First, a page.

containment” goal is achieved before 2021 ends. Otherwise, the 2021 Legislature will have to
deal with this in a supplemental spending package. Dividing Article II into Medicaid and non-
Medicaid services like child protection or public health makes it easier to see how the so-called
“Medicaid IOU” gives budget writers some breathing room that, while not realistic, is better than
actual cuts to health care for low-income Texans.
4) Higher education funding is not what it seems and underinvests in financial aid.
Higher education advocates may be puzzled about a $4.6 billion, or 22 percent, All Funds boost
in state-budget support for colleges and universities, which turns out to be only a 5 percent
increase if we make an “apples to apples” comparison. “Apples to apples” would be financial aid
and support for higher education institutions that were already in the budget. But “apples to
oranges” is the new $3.5 billion in the higher education budget for disaster management.”
In other words: Much of the All Funds increase of $4.6 billion is not due to a real or significant
boost in support for need-based financial aid, public community colleges or universities. H.B.
2704 crantadithe eyes Division of Emerson Management act of the Texas A&Micantem
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Later Sunday, the comptroller’s office said that unless the Legislature spent money out of the
savings account before July, the balance for the fund would be revised down, but not by more than
$1 billion
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520
Sta
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In October, Hegar estimated that the state budget would have a nearly $3 billion balance for the
fiscal 2020-21 biennium. The balance of the Economic Stabilization Fund, Hegar announced at the
time, would be around $9.3 billion by the end of the 2021 fiscal year, in August of that year.
her
The virus has already shocked economics around the country, though it’s unclear how extensive the
economic downturn will be. As the new coronavirus grew into a pandemic carlier this month and
Saudi Arabia declared a price war on Russia, oil prices plummeted to their lowest points in
decades. Since Texas is the nation’s top oil-producing state, its economy and budget are particularly
sensitive to oil prices.
Sse
SO!
Then, as the virus started spreading within the state’s borders, officials shuttered or restricted
several industries operations to limit public interactions and stem the growth of new infections.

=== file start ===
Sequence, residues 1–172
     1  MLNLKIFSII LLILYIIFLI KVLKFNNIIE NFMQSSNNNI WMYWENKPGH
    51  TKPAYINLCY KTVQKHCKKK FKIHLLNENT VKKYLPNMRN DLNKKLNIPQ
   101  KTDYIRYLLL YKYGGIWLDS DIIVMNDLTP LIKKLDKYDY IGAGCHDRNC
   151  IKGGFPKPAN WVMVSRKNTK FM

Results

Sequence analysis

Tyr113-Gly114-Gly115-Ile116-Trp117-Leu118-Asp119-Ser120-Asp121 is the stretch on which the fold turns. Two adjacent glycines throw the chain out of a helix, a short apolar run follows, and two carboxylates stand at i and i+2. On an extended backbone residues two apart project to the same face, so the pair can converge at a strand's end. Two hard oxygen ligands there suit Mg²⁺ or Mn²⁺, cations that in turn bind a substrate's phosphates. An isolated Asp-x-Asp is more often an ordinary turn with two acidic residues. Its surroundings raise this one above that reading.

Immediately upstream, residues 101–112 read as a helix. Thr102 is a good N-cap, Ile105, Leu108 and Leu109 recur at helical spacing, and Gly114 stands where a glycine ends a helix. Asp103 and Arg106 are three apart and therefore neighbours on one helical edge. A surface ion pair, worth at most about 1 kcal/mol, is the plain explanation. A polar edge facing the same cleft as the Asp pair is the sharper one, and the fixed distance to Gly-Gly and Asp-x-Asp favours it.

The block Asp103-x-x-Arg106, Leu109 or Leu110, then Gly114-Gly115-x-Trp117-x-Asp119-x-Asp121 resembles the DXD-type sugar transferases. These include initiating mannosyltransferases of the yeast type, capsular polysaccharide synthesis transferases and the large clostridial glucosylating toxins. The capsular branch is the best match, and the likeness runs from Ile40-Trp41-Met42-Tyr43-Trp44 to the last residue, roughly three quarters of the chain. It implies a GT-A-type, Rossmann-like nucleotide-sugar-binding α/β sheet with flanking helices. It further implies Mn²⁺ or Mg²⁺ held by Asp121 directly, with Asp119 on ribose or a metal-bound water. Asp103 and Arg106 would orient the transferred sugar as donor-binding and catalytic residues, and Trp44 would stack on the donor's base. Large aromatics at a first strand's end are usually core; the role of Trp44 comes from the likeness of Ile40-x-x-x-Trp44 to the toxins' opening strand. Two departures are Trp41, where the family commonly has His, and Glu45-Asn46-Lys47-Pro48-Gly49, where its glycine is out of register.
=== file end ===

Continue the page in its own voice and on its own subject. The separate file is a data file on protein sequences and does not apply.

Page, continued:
Those two situations created a double whamury by slowing two key revenues that fuel the state’s
budget and economy: sales taxes and oil and gas production. Experts have said the economic
damage will largely depend on how long the public health crisis lasts.
Last week, Gov. Greg Abbott issued an executive order directing bars, dine-in restaurants and
schools to close as he estimated that tens of thousands of Texans could test positive for the virus in
coming weeks.
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On Sunday, Hegar told lawmakers he plans to keep all parties updated as the picture for the next
several months continues to crystallize. He also pointed to the post-9/11 economy as good
perspective for what the near future could look like and mentioned multiple times that the amount of
federal funding that Texas receives could also have a major impact.
ent
According to members on the call, Hegar fielded a number of questions, ranging from whether the
governor has the jurisdiction to push back sales tax collections for specific industries – no, the
comptroller said to whether state dollars can be shifted around within the state budget during
such a crisis.
Abbott, for his part, noted last week that he and the Legislature can tap into the state’s disaster
relief fund immediately to help respond to the virus. He also said that the Economic Stabilization
Fund could be used “at the appropriate time,” which he said would happen when state leaders “know
the full extent of the challenge we’re dealing with.”
Before the stabilization fund could be used, Abbott would need to summon state lawmakers back to
Austin for a special session before the Legislature reconvenes in January 2021. When asked at a
town hall about the possibility for calling such a session, Abbott said that “every option remains on
the table” while noting that there would not be any need for such an action if every Texan followed
guidance to help curb the virus.
On Sunday night’s call, after a member mentioned a special session, Bonnen said Abbott had not yet
said there was a need for one – though, the speaker added, that could of course change in the
future.
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Respond to the following questions on the basis on your text and the following articles.
1. What do you foresee as the major challenges for the state of Texas in 2021? (500 words)
2. What sectors should be prioritized in the next budget and why? (500 words)
3. Are there any underlying conditions in Texas budgetary process that makes the state less
efficient during a crisis time? (500 words)
Extra question (worth 5 points)
Compare and contrast the corona virus responses of Califomia and Texas and analyze the
disparities of two state government (500 words)
Unpacking the State Budget
The state budget tells us what our leaders have decided are the priorities for Texas. Following
changes in the budget closely can reveal shifting focus points, though much remains the same
from one budget cycle to another because of the laws, constitutional provisions, and federal
requirements that shape the budget process.
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2.614 words, 16,341 characters
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Unpacking the State Budget
nt
The state budget tells us what our leaders have decided are the priorities for Texas. Following